GP at Hand, a new service that will allow patients to book a video GP appointment through an app at any time of day or night, has caused controversy among healthcare professionals and health policy makers in recent weeks.
As a GP, with a specialist interest in asthma, I’ve heard from other GPs who say the service, which is being piloted in London, marks the start of losing ‘our NHS’. There is anger about the involvement of Babylon Health, a private company, and fears that the service focuses too much on those who ‘want’ rather than ‘need’ help, taking resources away from those who need it most, and placing greater strain on struggling primary care services.
But on the flipside, remote GP access does seem to offer some clear benefits. With a recent survey of GPs revealing that the average patient waits around 13 days for an appointment, surely any service that can help people access primary care services more quickly and easily can only be a good thing?
With the traditional GP system some people have to take a day off work to get an appointment, which can mean losing a day of pay. Using technology to deliver different access models could make this a thing of the past.
However, I believe projects like GP at Hand are currently most valuable in opening up the debate about how this kind of health technology in general can benefit patients and the NHS. It also draws attention to what is needed to ensure technology is relevant, clinically safe and implemented successfully.
Multi-channel access to GPs may not just help patients get earlier treatment before their health deteriorates - which could save the NHS money in the long run - it could also be an important intervention for hard-to-reach patients. For those with chronic conditions, who are housebound or who rely on carers or family members a virtual GP appointment could be much less disruptive than seeing a GP through the traditional route.
Unfortunately, many of these services exclude a lot of patients with ‘complex’ conditions. It seems unfair that so many people are unable to access a GP digitally. These models should look to tackle a greater range of health conditions rather than appearing to cherry pick.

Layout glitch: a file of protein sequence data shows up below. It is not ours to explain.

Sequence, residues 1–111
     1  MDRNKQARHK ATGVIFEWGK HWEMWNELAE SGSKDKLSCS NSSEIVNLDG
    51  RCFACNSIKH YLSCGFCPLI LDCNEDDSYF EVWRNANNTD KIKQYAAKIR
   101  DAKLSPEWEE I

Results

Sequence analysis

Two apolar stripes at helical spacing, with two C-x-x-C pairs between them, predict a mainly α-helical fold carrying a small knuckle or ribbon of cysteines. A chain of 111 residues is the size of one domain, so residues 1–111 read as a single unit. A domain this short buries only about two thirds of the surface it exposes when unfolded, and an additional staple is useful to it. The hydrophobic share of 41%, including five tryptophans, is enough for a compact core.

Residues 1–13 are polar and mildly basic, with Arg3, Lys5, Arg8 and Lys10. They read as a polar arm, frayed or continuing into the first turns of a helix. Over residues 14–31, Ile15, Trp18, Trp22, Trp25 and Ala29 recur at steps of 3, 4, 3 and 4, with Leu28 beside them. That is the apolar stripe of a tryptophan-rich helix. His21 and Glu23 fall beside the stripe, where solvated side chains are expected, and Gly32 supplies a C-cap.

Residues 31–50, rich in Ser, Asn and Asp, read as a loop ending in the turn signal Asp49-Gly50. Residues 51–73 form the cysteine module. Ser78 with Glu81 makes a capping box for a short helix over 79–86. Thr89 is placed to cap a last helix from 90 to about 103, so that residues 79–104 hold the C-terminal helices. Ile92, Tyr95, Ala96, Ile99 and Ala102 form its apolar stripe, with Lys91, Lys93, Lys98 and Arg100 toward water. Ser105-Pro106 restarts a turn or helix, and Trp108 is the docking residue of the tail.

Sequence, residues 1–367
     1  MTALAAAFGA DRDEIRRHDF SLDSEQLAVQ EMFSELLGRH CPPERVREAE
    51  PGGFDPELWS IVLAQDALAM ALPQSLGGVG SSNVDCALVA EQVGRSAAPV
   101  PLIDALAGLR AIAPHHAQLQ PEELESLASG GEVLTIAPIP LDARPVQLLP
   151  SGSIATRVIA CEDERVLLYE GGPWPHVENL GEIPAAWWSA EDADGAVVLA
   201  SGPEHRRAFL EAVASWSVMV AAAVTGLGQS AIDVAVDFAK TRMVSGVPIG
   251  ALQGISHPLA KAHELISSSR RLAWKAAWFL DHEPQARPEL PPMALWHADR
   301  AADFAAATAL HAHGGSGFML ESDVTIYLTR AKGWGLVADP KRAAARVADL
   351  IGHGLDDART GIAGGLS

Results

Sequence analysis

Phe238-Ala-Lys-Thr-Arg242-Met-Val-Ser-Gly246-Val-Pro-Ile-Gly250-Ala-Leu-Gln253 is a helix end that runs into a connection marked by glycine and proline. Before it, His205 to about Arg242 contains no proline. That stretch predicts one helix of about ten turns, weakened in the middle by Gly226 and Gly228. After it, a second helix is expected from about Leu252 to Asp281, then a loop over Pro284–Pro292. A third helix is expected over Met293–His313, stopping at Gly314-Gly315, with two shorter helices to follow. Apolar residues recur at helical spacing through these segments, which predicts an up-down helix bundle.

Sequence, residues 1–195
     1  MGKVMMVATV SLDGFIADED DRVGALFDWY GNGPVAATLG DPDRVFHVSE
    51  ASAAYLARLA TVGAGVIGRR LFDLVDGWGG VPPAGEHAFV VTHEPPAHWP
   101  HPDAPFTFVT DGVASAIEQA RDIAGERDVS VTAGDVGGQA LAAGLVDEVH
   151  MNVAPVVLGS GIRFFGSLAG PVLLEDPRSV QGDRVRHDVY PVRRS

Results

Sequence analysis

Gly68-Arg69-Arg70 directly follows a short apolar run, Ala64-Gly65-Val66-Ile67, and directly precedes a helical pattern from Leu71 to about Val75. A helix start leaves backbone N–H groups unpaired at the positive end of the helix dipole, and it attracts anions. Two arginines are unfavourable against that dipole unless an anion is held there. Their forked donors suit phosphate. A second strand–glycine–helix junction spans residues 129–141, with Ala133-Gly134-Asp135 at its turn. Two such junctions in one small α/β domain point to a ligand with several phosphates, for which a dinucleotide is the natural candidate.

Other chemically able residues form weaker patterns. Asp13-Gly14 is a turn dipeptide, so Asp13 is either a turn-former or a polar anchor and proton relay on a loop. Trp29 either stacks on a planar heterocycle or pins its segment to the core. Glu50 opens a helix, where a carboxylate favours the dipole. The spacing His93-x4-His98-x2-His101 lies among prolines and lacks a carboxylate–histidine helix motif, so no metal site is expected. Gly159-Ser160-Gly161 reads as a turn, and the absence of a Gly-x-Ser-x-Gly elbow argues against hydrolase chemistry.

As well as offering multi-channel access, GP at Hand has an artificial intelligence (AI) symptom checker that it claims will deal with 40% of queries. It promises to ask patients questions to analyse their condition and give them medical information and advice on what to do next.
AI technology such as this offers the capability to understand a patient’s digital and health behaviours. It may help patients manage their health through individually tailored algorithms and ‘nudging’ positive health behaviours. So, in the case of asthma, it could help people understand what to do if they see an increase in their symptoms before they have an asthma attack.
This may mean they don't end up in hospital. This benefits the patient and could reduce the volume and complexity of NHS interactions. Helping people navigate the NHS system better means resources can be used in a more fruitful way.
But this technology is still in its infancy and for it to be truly useful, it will need to tailor its communication to individuals. The algorithms need to be sophisticated enough to adapt to a patient’s vocabulary so it can understand their needs – and make its advice more personally relevant and insightful. For example, while a GP can use clinical expertise to understand what someone means they say their pain is ‘killing them’ and assess how bad the pain might be, we are some way from being able to trust a robot to do this effectively for a variety of different people.
In principle, I think health technology models such as GP at Hand are a step in the right direction, opening people’s eyes to the transformative impact technology can have. But health technology must provide a frictionless and noticeable benefit to patients, otherwise people will stop using it. That's why at Asthma UK, we offer tech companies who are driving innovative solutions around asthma care access to our insights into the health needs and digital behaviour of people with asthma. You can create the best product in the world but if it doesn’t address someone’s need or it is too difficult to use, it’s pointless.
It’s vital too that systems and processes are redesigned to get the best use from new technologies. Innovation shouldn’t create an extra service or extra workload for an already strained workforce. Policy makers need to pay urgent attention to regulation and governance, data flows, interoperability and payer models.
The NHS is a trusted brand and that’s why research by Asthma UK revealed that people with asthma were more likely to use smart inhalers if they carried NHS branding. But the NHS needs to create an environment where innovation and adoption of technology is properly tested so that this trust is maintained.
Only time will tell if models such as GP at Hand for delivering access to NHS services by digital means will begin to win the hearts and minds of patients, healthcare professionals and policy makers. However, it should be recognised as an important first step towards providing tech-enabled healthcare for the people who will benefit most.
- Dr Andy Whittamore is clinical lead at Asthma UK and a GP with a specialist interest in asthma